These paintings are built to last a century or more. The substrate is a quarter-inch panel of Baltic birch plywood, set on a cradle of premium pine. I apply a PVA coating to seal off any resins from the wood. Then I add several coatings of gesso, then a final coat of matte medium or titanium white so the colors don’t seep into the gesso and lose some of their chromatic intensity.
I work exclusively in oils and use a glazing technique, building up multiple layers to achieve a deep, saturated, glowing effect. I try to avoid mixing tube colors; I want a look that is less “painterly” and more immediate and primary. If I want to combine colors, then I glaze one over the other instead of mixing them when wet.
With glazing, my core palette is made up almost exclusively of transparent oil colors. These include:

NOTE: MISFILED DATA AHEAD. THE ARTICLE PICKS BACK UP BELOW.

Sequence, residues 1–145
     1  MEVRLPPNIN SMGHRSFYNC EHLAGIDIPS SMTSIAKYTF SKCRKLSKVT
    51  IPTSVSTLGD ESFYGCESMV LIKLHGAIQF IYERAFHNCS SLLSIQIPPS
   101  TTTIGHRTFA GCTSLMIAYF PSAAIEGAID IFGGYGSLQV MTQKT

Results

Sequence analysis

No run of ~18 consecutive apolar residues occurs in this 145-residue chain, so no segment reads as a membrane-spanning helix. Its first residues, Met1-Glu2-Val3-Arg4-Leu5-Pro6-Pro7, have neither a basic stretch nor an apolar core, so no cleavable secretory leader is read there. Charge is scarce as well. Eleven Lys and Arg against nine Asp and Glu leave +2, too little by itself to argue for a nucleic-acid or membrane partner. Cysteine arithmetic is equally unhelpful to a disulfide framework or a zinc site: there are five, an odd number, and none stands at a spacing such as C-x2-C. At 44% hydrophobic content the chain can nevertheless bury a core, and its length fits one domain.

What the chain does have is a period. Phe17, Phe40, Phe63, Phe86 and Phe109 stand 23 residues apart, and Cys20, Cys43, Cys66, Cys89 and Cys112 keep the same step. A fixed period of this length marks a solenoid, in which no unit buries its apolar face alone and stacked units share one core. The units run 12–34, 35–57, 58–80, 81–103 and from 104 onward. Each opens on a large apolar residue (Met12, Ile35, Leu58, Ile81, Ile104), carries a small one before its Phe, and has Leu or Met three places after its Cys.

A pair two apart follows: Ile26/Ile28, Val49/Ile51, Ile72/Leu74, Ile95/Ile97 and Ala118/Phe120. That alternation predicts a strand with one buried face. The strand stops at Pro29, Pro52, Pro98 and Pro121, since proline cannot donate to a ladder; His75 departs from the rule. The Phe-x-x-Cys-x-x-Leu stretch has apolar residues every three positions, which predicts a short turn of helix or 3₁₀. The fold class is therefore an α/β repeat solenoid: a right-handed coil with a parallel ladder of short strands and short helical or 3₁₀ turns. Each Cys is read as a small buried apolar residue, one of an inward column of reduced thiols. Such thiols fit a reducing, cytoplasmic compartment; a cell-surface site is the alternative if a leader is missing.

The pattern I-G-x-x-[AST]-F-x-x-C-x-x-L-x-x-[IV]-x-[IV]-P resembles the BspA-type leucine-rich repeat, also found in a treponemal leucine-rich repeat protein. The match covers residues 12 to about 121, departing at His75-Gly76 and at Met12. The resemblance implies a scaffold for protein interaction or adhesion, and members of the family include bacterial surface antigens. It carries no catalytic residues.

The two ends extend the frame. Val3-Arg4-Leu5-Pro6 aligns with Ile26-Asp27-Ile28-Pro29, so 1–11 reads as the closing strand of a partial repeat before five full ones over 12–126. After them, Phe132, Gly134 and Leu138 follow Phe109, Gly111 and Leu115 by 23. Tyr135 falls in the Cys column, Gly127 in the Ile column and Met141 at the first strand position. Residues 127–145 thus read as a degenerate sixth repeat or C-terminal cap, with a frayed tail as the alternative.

* Hansa Yellow, Indian Yellow, and Sap Green from M. Graham. I’m impressed with the way M. Graham can balance transparency with strong hues.
* Viridian Hue from Georgian. This is a much livelier Viridian than you usually find, with undertones of yellow. I sometimes mix it with Gamlin’s Turquoise.
* Dioxazine Purple, Payne’s Gray, Cerulean Blue, Ultramarine Blue, Mars Black, and Burnt Sienna from Gamlin. I trust these colors to be stable and environmentally well-positioned.
* Titanium White, Transparent White, Raw Sienna, and Permanent Alizarin Crimson from Winsor & Newton. Alizarin has been my go-to red for years, but I’m using a Rose Madder more these days.
I also use Liquin Original from Winsor & Newton as a medium to accelerate drying.
After the painting is finished, I apply original gloss Gamvar varnish by Gamlin. As the company explains, Gamvar is a water-clear varnish designed to saturate and give greater depth to the colors in an oil painting while giving the work a unified and protective semi-gloss surface.